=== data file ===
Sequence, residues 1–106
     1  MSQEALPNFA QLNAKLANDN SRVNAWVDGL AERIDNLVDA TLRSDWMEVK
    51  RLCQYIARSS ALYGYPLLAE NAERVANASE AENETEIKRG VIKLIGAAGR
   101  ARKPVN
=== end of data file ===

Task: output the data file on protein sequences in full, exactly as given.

Sequence, residues 1–106
     1  MSQEALPNFA QLNAKLANDN SRVNAWVDGL AERIDNLVDA TLRSDWMEVK
    51  RLCQYIARSS ALYGYPLLAE NAERVANASE AENETEIKRG VIKLIGAAGR
   101  ARKPVN